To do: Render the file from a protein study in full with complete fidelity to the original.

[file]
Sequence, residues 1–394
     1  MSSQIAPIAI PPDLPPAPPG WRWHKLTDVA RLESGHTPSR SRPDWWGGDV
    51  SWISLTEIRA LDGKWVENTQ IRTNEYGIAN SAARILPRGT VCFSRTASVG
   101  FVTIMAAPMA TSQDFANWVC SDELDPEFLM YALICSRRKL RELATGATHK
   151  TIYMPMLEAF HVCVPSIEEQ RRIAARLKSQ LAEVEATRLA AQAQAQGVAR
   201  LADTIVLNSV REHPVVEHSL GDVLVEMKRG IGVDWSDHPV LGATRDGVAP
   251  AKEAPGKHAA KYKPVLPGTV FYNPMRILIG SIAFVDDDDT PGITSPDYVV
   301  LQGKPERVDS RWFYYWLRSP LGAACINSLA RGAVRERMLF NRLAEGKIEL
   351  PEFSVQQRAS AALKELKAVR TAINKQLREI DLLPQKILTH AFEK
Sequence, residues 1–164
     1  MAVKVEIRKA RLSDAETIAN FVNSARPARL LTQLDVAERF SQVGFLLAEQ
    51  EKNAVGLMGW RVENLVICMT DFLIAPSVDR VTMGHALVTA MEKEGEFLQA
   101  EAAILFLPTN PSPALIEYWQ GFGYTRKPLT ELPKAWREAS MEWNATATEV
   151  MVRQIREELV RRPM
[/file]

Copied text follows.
Sequence, residues 1–394
     1  MSSQIAPIAI PPDLPPAPPG WRWHKLTDVA RLESGHTPSR SRPDWWGGDV
    51  SWISLTEIRA LDGKWVENTQ IRTNEYGIAN SAARILPRGT VCFSRTASVG
   101  FVTIMAAPMA TSQDFANWVC SDELDPEFLM YALICSRRKL RELATGATHK
   151  TIYMPMLEAF HVCVPSIEEQ RRIAARLKSQ LAEVEATRLA AQAQAQGVAR
   201  LADTIVLNSV REHPVVEHSL GDVLVEMKRG IGVDWSDHPV LGATRDGVAP
   251  AKEAPGKHAA KYKPVLPGTV FYNPMRILIG SIAFVDDDDT PGITSPDYVV
   301  LQGKPERVDS RWFYYWLRSP LGAACINSLA RGAVRERMLF NRLAEGKIEL
   351  PEFSVQQRAS AALKELKAVR TAINKQLREI DLLPQKILTH AFEK
Sequence, residues 1–164
     1  MAVKVEIRKA RLSDAETIAN FVNSARPARL LTQLDVAERF SQVGFLLAEQ
    51  EKNAVGLMGW RVENLVICMT DFLIAPSVDR VTMGHALVTA MEKEGEFLQA
   101  EAAILFLPTN PSPALIEYWQ GFGYTRKPLT ELPKAWREAS MEWNATATEV
   151  MVRQIREELV RRPM